The JLEC is Ohio’s bipartisan ethics committee for the legislative branch responsible for overseeing lobbying compliance. JLEC recently issued a memorandum reminding regulated entities about restrictions and reporting requirements related to meals and beverages, travel, and gifts, and attendance at meetings and conferences of national organizations to which the State pays dues.

Meals and Beverages

The JLEC emphasizes that “meals and beverages provided by a legislative agent to a legislator while attending a meeting/conference of a national organization do not count towards the annual $75 limit,” noting, however, that this exception “does not apply to legislative employees.” On the reporting side, “payment of expenses for meals and beverages provided to public officials while in the host city at the time of the conference are reported as an aggregate dollar amount (recipient not disclosed) in the national conference reporting category of the Activity and Expenditure Report,” or, “in the all-invited reporting category if all House and Senate members are invited to a reception.”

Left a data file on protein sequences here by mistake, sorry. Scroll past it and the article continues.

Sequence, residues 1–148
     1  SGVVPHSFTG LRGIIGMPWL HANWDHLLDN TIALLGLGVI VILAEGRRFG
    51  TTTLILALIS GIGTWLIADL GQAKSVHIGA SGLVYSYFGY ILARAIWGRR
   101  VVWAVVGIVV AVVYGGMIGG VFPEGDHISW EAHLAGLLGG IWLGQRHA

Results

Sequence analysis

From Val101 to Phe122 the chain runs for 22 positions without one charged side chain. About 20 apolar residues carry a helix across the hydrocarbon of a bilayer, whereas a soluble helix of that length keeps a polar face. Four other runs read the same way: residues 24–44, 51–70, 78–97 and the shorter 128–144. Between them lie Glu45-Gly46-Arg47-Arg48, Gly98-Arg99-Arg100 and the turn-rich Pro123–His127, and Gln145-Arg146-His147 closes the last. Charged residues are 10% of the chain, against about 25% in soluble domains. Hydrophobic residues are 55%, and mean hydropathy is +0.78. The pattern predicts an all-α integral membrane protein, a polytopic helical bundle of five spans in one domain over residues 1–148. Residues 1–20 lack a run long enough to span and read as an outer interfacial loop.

If legislators or legislative staff are attending a national organization’s meeting/conference, which is considered an “official duty,” then they may accept from a legislative agent “actual travel/lodging expenses directly related to their attendance,” according to the JLEC’s travel expense guidance.


The JLEC specifically states that “. . . neither the Ohio Revised Code § 102.031 nor the Legislative Code of Ethics provides a national conference exception to the annual $75 limit for gifts to legislators and legislative staff from legislative agents;” however, “this limit does not apply to gifts from the employer of a legislative agent.” Gift expenditures exceeding $25 “must be reported in the Activity and Expenditure Report’s itemized gift category of the Activity & Expenditure Report (recipient name, date, amount and nature of gift disclosed).”

Financial Support of Conference Events

If financial support is provided by registered lobbyists or the employers of registered lobbyists to a national organization’s conference event to offset associated costs, and, when the national organization is responsible for: “(1) determining who is invited; (2) extending any invitation to those invited; and (3) the activity is part of the conference agenda,” then the financial support is “not a reportable Ohio lobbying expenditure,” according to the JLEC’s memo.